An analysis by The New York Times of state inspection data from 2004 to 2010 found that the federation had been cited 27 times; most providers of similar size were cited no more than twice.
Like a spouse trapped in a bad marriage, however, the state never sought to extricate itself. It continues to pay the federation about $20 million a year in Medicaid money.
The relationship underscores the degree to which New York State has given control of its system to nonprofit providers, who receive more than $5 billion a year in Medicaid money to house and care for developmentally disabled people.
The problem stems from hasty decisions made four decades ago, when New York faced a court order to stop warehousing developmentally disabled people in huge institutions. The state turned to then-small nonprofit groups, many led by parents of developmentally disabled children, to open group homes quickly.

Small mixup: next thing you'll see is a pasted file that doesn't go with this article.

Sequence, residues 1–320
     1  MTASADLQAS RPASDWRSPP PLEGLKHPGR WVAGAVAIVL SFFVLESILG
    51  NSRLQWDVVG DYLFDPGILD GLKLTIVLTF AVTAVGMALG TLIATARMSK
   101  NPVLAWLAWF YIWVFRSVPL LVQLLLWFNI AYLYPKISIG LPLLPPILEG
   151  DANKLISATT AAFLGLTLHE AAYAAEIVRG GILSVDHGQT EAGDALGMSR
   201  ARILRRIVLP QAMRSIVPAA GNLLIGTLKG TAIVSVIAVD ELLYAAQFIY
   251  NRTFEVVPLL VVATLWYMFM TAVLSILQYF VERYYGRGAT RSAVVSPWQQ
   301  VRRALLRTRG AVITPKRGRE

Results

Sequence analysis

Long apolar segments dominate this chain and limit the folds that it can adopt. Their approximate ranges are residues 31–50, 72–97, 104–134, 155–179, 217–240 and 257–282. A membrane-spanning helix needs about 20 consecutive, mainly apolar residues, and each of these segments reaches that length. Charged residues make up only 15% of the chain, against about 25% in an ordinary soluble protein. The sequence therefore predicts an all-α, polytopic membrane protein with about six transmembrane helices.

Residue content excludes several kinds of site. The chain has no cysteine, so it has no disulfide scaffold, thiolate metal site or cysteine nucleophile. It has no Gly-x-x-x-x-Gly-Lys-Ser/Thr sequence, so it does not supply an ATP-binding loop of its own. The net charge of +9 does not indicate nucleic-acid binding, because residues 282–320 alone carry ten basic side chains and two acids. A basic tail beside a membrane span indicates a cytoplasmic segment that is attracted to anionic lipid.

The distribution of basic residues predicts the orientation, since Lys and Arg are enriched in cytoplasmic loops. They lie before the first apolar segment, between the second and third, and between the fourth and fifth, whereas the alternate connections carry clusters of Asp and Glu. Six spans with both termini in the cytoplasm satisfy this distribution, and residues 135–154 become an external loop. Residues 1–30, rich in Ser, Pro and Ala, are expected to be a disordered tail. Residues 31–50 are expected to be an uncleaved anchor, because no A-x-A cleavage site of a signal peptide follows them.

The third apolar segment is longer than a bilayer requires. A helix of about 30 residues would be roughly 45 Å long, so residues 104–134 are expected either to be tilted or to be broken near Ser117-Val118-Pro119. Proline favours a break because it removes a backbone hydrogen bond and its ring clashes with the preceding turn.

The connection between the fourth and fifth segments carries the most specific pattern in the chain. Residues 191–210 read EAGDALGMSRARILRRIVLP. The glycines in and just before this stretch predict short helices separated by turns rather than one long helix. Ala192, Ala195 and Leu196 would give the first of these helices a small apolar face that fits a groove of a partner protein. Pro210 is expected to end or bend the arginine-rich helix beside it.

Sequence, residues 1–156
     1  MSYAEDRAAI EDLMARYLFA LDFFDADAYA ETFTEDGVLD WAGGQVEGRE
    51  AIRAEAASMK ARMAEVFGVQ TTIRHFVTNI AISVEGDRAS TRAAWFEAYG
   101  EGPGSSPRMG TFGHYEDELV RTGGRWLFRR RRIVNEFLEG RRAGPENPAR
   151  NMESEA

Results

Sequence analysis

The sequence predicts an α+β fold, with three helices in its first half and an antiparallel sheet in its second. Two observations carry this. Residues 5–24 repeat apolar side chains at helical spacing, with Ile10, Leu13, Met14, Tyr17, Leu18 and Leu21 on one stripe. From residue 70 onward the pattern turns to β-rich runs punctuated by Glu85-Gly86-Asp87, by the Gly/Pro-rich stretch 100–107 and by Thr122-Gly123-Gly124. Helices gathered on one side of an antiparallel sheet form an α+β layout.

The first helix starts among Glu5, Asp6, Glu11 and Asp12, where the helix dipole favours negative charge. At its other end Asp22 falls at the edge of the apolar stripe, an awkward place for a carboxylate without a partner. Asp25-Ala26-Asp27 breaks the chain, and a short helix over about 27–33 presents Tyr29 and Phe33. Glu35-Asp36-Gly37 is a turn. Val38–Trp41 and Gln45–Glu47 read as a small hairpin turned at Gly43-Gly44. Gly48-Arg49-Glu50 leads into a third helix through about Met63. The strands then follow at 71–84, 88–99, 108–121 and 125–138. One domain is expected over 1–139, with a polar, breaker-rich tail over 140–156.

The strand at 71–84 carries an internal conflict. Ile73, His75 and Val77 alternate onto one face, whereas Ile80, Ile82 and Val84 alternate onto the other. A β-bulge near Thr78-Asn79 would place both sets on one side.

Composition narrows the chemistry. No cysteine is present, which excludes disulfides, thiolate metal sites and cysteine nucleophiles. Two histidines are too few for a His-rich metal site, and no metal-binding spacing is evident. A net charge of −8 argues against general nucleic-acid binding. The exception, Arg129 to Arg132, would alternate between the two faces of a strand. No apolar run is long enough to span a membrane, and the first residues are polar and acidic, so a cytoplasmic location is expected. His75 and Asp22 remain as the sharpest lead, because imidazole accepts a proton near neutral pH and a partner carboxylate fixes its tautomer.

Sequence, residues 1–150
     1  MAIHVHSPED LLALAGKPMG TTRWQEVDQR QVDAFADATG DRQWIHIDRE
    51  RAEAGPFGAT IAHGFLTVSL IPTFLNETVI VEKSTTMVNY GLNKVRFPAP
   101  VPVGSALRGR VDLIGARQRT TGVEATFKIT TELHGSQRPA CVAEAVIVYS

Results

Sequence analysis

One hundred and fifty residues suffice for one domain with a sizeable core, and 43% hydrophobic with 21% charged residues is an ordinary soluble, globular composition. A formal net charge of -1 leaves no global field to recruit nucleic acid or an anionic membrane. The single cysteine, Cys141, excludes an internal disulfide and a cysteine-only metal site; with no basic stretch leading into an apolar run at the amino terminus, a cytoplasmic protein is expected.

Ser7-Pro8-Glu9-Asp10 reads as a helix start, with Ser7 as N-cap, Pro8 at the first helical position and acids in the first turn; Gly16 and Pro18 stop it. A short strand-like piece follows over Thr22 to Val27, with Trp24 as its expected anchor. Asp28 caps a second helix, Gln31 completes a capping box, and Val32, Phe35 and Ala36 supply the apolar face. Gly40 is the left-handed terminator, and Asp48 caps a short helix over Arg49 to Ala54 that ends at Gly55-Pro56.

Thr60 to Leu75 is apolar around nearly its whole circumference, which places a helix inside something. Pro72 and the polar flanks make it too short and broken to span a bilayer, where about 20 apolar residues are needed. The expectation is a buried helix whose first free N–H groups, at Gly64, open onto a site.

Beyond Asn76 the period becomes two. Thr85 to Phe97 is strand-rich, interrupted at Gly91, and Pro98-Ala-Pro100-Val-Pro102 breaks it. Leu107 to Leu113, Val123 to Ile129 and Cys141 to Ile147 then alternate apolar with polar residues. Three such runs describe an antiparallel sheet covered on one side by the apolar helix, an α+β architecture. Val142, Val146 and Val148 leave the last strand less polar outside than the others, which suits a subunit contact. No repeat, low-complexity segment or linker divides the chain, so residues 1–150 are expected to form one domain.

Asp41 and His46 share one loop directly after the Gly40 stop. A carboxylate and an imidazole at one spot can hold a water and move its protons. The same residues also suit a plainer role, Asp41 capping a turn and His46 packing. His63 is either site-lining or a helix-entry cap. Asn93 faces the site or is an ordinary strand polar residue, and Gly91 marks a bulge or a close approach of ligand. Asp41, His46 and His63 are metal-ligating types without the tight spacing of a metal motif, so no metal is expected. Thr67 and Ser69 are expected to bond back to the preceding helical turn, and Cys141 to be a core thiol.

State officials saw the groups as allies, in need of support more than supervision. And as the organizations matured into multimillion-dollar enterprises, the state’s oversight system did not keep pace.
As a result, from the 1970s until this fall, the nonprofit providers, unlike nursing homes or hospitals, never faced fines when their care was found lacking. The state conducts inspections of their facilities, but the visits are rarely a surprise and are intended to be a collaborative learning experience.